The digital world of photography has created a space for every photograph to have its own name. This overwhelms me at times, like when I’m uploading a batch of fall photos to flickr as there isn’t always an apt name for each one. Sometimes the image captures all you were trying to say. So, often, I leave the names blank rather than diminishing them with “img2204″ or “red tree 11.” But sometimes, there is a title, a name, a written story that comes to claim the image and make of it something deeper, hint at something even subtler, point at its quiddity.
The photograph above was claimed by TS Eliot’s line in Choruses From the Rock:
Let me show you the work of the humble. Listen.”
Even two years later, I still feel that pause of heart when I see this photo and its title.
When I stumbled on this flower, I was hiking with my brother Ben in Colorado. Amid the dim-chaos of trying to convince my Kansas lungs they were not going to die, and my height-fearing mind that I was not going to plummet to destruction at any given moment, plus my love of trees that kept my eyes looking up at squiggly trunks and sunlight striking bark, somehow I saw this one tiny flower (look at the blades of grass nearby — it’s tiny). And when I did, I listened. Perhaps my inadequacies — having to look down to ensure my footing, pausing to catch my breath — even helped me to see it, to not miss the other fragile being in these mountainy woods.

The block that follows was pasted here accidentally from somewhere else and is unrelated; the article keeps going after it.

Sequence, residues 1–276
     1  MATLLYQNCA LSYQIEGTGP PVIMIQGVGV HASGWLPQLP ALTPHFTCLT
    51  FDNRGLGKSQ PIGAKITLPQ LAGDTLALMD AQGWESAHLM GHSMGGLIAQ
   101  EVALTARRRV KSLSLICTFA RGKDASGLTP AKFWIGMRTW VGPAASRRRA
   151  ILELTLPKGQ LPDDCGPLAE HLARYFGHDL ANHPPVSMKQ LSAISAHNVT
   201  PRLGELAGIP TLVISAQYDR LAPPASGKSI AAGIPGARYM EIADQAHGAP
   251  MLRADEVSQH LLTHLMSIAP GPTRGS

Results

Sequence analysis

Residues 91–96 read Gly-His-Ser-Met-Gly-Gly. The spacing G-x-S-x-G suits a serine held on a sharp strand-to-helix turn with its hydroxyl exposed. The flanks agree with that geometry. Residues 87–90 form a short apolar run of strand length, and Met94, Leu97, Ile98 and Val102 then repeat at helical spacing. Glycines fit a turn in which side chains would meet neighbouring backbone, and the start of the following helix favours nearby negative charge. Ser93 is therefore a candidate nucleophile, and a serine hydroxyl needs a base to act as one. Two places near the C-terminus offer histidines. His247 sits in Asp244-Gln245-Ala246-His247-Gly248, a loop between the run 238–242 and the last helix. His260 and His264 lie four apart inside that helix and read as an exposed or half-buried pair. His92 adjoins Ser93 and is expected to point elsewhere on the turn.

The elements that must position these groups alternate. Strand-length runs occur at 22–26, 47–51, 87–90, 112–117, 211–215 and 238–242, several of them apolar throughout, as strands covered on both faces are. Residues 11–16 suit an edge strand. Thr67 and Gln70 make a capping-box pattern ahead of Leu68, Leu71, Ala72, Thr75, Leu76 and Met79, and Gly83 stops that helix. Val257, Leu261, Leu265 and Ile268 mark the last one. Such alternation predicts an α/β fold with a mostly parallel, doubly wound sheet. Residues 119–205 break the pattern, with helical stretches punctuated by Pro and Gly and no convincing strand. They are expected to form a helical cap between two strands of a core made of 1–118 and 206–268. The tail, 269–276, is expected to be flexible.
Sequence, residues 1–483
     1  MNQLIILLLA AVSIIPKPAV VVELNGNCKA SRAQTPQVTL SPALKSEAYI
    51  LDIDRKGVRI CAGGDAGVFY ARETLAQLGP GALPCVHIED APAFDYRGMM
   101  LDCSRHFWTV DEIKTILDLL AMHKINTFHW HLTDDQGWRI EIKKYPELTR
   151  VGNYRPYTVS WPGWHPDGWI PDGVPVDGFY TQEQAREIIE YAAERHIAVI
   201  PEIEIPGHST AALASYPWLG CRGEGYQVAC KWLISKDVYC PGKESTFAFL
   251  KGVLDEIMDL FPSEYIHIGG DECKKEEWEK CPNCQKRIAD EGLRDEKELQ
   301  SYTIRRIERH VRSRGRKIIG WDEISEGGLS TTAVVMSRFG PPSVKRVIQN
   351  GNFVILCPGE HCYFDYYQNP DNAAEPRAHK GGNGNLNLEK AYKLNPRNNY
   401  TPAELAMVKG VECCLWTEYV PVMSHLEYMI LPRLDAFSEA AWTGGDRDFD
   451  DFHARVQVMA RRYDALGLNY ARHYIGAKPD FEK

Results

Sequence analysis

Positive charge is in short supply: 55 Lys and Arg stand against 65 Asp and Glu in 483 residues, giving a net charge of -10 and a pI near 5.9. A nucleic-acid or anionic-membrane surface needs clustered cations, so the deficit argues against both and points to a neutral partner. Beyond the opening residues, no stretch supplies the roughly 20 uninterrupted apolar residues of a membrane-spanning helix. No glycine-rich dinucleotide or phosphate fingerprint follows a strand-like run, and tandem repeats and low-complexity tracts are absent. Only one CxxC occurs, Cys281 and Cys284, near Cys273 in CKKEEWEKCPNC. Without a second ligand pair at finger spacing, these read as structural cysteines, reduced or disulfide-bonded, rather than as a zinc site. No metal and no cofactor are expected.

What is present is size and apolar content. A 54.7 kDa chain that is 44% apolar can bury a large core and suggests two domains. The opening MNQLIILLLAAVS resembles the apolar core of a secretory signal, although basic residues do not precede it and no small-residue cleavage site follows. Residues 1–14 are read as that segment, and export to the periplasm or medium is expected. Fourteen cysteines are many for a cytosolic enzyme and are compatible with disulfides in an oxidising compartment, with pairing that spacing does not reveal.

Yesterday, my friend Isaac preached about the importance of wonder and how often as we ‘grow up,’ we lose this ability. As I sat listening, I began to feel like a little kid who happily hears herself being described — That’s me! That’s me! I do that! I more often recognise my lack or failing, but this time I was able to see how that wonder and awareness inhabits me and lives unshackled even at thirty-two. Thinking through my photography exhibits — along the way, in the midst, it all depends – each of these is about seeing things that could be overlooked, could be thought mundane, and yet by capturing them and framing them, sharing their beauty and pointing to wonder. Much of my poetry similarly focuses on small moments and details whose significance lies in being noticed.
A few years ago, I bought this website for my photography. I actually don’t remember how I came up with the name, but again, everyday poetry speaks to the wonder of the mundane, and to the way I see the world.
I often struggle with the questions of: Does this even matter? What’s the point of writing more words or taking pictures of autumn again this year? But if something is good, why not appreciate it again and again and again? Every year, God brings the seasons back again. Every day, the sun rises and sets. Every time I breathe out, God supplies air for me to breathe in, yet again. So, why not take pictures again this year? Why not try to figure out just what words could describe that tree against that sky? Why not see if that picture has a title waiting to claim it?
This stopped me in my tracks.
Like a song for my eyes.